For architecture-, design- and urbanism-themed cinema fans in New York, the next few weeks are a treasure trove of festivals, screenings and panel discussions. This weekend, from October 15-16, is the Red Hook International FIlm and Video Festival. The Architecture & Design Film Festival runs from October 19-23, and then from November 2-10 we’ll get DOC NYC, New York City’s Documentary Festival. Though only one of the three festivals is explicitly dedicated to architecture and design, all three have lineups full of films that readers of Urban Omnibus are sure to find interesting. To help you sift through the options, we’ll be bringing you suggestions of what not to miss from each event. Stay tuned for suggestions for the A&D Film Festival and DOC NYC next week. But first up, this weekend’s Red Hook Festival.
The Red Hook International Film and Video Festival presents short films from around the country, with a particular focus on Brooklyn filmmakers, stories from New York City, and reflections on the festival’s home base, Red Hook, “an urban, industrial, waterfront community where fisherman, longshoreman, artists, small businesses and housing projects live together.” The films range from 5 to 27 minutes, and will be presented in five screenings organized around themes like “Stories from the Streets” and “Underneath the City.” The Red Hook Festival takes place at the Brooklyn Waterfront Artist’s Coalition at 499 Van Brunt Street in Red Hook, Brooklyn, on Saturday, October 15th (1-6pm) and Sunday, October 16 (2:30-6pm). Read on for some highlights from the event (including two Urban Omnibus-produced short films!) or click here for more information and complete listings.
Lehigh Valley 79
Saturday, October 15th, 2:30pm
In 1986, Red Hook resident David Sharps bought the Lehigh Valley #79, also known as the Waterfront Museum and Showboat Barge, for one dollar. Since purchasing the vessel, Sharps has devoted his life to restoring the barge to its original condition — while raising his family on board. Lehigh Valley 79 will be screened as part of the program “Red Hook Block: Family and Tradition.”
Urban Soil Horizon, Urban Watershed and The Urban Homesteading Project
Saturday, October 15th, 4:00pm
The short films clustered assembled for the session titled “Art on the Waterfront” explore the city’s boundary between land and water. Urban Soil Horizon documents “the existence of dirt in a world of concrete and asphalt” and chronicles the the rhythms of erosion and accretion in the urban, human driven environment. Urban Watershed follows the paths of water in the city, as it travels over surfaces, into storm drains and then to groundwater systems carrying both nutrients from and detritus of the city. Urban Omnibus‘ own George Trakas at the Water’s Edge: Newtown Creek is next on the docket, followed by The Urban Homesteading Project, which highlights an installation that took discarded Christmas trees and deposited them in semi-natural formations “to mimic natural forests in industrial zones located along the Newtown Creek.” “Art on the Waterfront” concludes with the second Urban Omnibus video appearing in the festival, Archipelago, which captures a day in the life of five New York City neighborhoods: Hunts Point, Jamaica, Mariner’s Harbor, Downtown Brooklyn, and Chelsea. For a complete list of films screened during “Art on the Waterfront,” Click here for more films screened as part of “Art on the Waterfront.”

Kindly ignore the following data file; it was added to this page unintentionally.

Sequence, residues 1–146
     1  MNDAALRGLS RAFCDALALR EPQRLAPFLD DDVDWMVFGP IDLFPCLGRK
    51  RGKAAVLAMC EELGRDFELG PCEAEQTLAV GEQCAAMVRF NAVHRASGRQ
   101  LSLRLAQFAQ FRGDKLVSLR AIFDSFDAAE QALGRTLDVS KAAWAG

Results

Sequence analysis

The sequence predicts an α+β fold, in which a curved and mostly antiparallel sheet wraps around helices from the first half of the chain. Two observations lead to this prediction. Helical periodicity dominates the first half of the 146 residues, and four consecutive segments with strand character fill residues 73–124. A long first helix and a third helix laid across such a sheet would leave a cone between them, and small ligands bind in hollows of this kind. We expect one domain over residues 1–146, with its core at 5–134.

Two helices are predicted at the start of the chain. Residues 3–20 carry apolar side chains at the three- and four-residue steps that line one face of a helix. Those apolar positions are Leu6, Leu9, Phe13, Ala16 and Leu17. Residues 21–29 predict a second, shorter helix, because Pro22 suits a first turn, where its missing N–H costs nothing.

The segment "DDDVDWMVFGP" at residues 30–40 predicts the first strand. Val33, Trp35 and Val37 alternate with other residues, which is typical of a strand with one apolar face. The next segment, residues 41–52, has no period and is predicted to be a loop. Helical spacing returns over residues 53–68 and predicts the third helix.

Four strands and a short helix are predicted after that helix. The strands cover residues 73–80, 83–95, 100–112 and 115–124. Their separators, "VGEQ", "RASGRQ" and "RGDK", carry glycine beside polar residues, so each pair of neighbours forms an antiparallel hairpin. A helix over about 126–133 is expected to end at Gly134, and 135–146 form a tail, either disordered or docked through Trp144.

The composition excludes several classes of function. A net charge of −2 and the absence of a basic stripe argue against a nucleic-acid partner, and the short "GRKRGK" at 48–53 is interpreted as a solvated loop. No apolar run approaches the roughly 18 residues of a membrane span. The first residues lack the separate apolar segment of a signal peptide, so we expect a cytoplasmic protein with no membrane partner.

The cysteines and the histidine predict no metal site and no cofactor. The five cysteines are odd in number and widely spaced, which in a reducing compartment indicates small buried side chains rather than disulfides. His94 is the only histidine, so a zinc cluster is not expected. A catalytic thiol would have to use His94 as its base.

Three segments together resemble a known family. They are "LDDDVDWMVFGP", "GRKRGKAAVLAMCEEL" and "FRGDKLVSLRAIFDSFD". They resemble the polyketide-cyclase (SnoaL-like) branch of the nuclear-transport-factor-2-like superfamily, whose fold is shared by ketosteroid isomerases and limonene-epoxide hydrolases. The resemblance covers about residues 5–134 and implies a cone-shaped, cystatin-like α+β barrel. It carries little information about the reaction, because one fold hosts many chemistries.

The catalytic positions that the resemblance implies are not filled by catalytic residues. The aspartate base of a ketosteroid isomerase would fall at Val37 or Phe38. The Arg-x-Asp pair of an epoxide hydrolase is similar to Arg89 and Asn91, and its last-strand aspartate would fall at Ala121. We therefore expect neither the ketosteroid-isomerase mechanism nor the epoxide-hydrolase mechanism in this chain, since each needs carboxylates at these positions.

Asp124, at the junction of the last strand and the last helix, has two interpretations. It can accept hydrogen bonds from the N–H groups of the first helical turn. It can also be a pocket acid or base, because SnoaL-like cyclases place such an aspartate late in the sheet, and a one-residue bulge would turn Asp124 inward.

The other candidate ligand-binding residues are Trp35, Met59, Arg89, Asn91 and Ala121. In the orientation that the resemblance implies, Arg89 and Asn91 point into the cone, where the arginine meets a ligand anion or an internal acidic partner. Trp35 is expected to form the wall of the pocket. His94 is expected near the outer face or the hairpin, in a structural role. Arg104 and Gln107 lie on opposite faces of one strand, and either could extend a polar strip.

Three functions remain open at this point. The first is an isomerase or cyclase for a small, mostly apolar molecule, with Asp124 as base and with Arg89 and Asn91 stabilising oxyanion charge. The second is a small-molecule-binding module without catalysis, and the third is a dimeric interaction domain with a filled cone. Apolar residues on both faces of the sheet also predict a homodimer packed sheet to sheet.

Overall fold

Masstransiscope, Inspiring Spaces and Undercity
Sunday, October 16th, 2:30pm
The session titled “Underneath New York” focuses on the city beneath the surface. Masstransiscope is a short portrait of Bill Brand’s zoetrope installation in the abandoned Myrtle Avenue station in Brooklyn, visible from Manhattan-bound B and Q trains, from its creation in 1983 through its recent restoration. Inspiring Spaces: 25 Years of Arts for Transit profiles the history of this MTA program that brings public art to New York’s subway stations. Undercity follows urban explorer Steve Duncan to the city’s extremes, from the underground tunnels and streams to the top of the Williamsburg Bridge. Click here to see more films screened as part of “Underneath New York.”
Nobody Can Predict the Moment of Revolution and To Be Seen
Sunday, October 16th, 4:00pm
“Taking it to the Streets,” the final session of the weekend, will look at public expression and protest. Nobody Can Predict The Moment Of Revolution, a particularly timely screening, is an 8-minute glimpse into days five and six of Occupy Wall Street. And To Be Seen examines street art’s capacity for social, artistic and political expression, with a particular focus on work found on the streets of New York City. Click here to see more films screened as part of “Taking it to the Streets.”
Jessica Cronstein is a project associate at Urban Omnibus. She is a designer and writer interested in the point at which the social, cultural and physical growth of a city intersect. She has just completed her M.Arch at Rice University and lives in New York City.